Theresa May sidesteps questions about response to Grenfell Tower disaster
The Prime Minister avoided questions about whether she had misjudged the mood of the public.
Theresa May has sidestepped questions over her response to the Grenfell Tower disaster, after facing criticism of her reaction to the tragedy.
The Prime Minister met a group of victims, residents, volunteers and community leaders at a church close to the scene of the horrific blaze, and earlier visited survivors in hospital.
But the visits, which took place more than 48 hours after the devastating fire broke out, have done little to quell the growing anger over the way Mrs May has dealt with the tragedy.
As she left St Clement’s Church following a visit lasting less than an hour, the PM faced cries of “coward” and “shame on you”.
Theresa May faces shouts of "shame on you" and "coward" pic.twitter.com/ByQphESRxJ— Sally Wardle (@sally_wardle) June 16, 2017
One woman wept saying it was because Mrs May had declined to speak to anyone outside the meeting.
In a television interview, Mrs May said the fire was “absolutely horrifying” and had been a “terrifying experience” for those affected.
But she sidestepped questions over whether she had failed to judge the public mood.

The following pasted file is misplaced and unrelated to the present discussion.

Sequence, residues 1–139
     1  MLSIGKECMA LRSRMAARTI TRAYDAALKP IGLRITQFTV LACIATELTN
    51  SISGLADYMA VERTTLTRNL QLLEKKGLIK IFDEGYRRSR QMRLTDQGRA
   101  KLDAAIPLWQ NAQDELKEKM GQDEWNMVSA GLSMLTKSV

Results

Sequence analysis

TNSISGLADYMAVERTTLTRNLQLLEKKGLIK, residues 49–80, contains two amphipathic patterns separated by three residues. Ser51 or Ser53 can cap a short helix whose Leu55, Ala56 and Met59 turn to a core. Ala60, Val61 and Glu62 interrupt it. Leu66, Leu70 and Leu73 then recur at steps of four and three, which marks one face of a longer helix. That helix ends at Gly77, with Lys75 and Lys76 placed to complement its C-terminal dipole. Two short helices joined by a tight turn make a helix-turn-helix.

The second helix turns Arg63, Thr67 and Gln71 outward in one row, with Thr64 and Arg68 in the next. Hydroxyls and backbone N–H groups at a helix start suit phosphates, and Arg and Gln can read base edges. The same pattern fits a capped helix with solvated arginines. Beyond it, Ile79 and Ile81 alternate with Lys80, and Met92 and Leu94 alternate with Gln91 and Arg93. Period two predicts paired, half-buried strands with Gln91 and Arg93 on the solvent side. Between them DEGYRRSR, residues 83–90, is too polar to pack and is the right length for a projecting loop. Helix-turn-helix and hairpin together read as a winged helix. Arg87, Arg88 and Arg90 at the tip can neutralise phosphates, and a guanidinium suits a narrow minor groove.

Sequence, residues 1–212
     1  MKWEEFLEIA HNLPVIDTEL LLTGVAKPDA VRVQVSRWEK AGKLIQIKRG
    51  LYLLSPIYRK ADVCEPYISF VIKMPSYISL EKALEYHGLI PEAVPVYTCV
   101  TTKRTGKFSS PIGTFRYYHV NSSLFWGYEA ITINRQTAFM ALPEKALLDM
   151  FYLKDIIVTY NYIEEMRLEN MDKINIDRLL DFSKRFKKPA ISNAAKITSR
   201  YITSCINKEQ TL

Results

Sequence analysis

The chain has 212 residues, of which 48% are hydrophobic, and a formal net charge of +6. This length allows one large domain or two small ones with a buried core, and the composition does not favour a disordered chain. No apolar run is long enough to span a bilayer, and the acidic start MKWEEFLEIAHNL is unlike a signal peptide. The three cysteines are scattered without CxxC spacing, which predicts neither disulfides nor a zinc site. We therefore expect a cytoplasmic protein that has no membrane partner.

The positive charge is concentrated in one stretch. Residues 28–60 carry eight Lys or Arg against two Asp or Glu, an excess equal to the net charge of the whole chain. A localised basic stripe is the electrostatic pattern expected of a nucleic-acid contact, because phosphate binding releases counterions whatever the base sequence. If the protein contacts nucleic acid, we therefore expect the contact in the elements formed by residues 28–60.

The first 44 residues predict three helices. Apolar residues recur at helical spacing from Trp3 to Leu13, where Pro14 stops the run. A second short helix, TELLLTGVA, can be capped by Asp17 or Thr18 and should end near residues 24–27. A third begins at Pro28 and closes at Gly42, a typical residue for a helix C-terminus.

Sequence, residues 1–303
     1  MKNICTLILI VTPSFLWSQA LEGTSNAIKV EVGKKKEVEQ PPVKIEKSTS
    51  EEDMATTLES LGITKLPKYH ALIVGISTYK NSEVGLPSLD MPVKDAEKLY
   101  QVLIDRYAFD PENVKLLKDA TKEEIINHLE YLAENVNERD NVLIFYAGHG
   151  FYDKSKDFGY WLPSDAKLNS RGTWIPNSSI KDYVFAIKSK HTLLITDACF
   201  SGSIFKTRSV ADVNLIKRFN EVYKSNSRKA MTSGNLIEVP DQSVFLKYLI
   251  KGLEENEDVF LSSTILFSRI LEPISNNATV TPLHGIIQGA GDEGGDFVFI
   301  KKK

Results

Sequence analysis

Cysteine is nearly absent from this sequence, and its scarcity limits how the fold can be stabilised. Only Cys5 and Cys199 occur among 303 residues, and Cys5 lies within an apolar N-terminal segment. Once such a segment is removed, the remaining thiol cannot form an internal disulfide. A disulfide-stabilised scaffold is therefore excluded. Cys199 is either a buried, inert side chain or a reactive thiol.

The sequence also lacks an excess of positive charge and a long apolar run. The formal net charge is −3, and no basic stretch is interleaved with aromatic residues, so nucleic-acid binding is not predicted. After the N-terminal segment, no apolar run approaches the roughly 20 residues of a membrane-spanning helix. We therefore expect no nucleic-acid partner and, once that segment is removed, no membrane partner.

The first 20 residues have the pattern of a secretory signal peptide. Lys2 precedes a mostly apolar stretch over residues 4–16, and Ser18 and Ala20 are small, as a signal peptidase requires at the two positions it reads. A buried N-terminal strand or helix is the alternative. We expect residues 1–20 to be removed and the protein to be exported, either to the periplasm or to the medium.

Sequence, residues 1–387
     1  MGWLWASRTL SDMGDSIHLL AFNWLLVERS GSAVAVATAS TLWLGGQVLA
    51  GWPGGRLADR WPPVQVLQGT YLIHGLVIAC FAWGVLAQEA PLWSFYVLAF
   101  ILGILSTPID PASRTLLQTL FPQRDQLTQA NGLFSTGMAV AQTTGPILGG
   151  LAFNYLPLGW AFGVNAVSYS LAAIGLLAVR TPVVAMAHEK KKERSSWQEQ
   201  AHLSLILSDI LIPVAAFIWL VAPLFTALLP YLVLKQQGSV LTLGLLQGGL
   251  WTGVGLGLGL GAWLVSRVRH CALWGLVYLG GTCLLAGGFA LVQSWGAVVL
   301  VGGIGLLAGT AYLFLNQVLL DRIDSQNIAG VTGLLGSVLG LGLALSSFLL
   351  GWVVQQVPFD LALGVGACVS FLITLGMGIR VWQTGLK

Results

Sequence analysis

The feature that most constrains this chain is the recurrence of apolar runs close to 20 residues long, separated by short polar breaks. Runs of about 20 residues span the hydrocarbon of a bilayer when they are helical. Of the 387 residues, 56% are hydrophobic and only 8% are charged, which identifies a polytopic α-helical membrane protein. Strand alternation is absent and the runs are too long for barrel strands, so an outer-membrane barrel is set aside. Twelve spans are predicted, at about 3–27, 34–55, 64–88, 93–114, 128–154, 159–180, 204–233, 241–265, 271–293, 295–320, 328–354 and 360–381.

Chaos after PM swiftly leaves St Clement's Church near Grenfell Tower after a surprise visit. She faced boos from angry crowds as she left. pic.twitter.com/XEy97RG0rD— Sally Wardle (@sally_wardle) June 16, 2017
Told there was a need for the public to hear her say something had gone badly wrong and the Government accepted responsibility, Mrs May said: “Something terrible has happened.
“This is an absolutely awful fire that took place. People have lost their lives, people have had their homes destroyed, they have fled for their lives with absolutely nothing.”
Asked if she had misread the public anger, she replied: “What I have done since this incident took place is, first of all, yesterday ensure that the public services had the support they need in order to be able to do the job they were doing in the immediate aftermath.”
The Westminster march has left Downing Street. Next stop - the BBC. (Portland Place, not Salford) pic.twitter.com/QixSqSHzei— Ryan Hooper (@RyanJHooper) June 16, 2017
Pressed again on whether she had failed to understand the anger felt by the public, she said: “This was a terrible tragedy that took place. People have lost their lives and others have lost everything, all their possessions, their home and everything.
“What we are doing is putting in place the support that will help them.
“But it is a terrible tragedy. I have heard horrifying stories from the fire brigade, from police and from victims themselves who were in that tower but also from other local residents, some of whom of course have not been able to go back to their homes either.
“What I’m now absolutely focused on is ensuring that we get that support on the ground.
“Government is making money available, we are ensuring we are going to get to the bottom of what happened, we will ensure that people are rehoused, but we need to make sure that that actually happens.”
Mrs May said the public inquiry into the fire will take place “as soon as possible” and insisted the Government had acted on previous warnings about tower block safety by a coroner.
“The Government has taken action on the recommendations of the coroner’s report,” she insisted.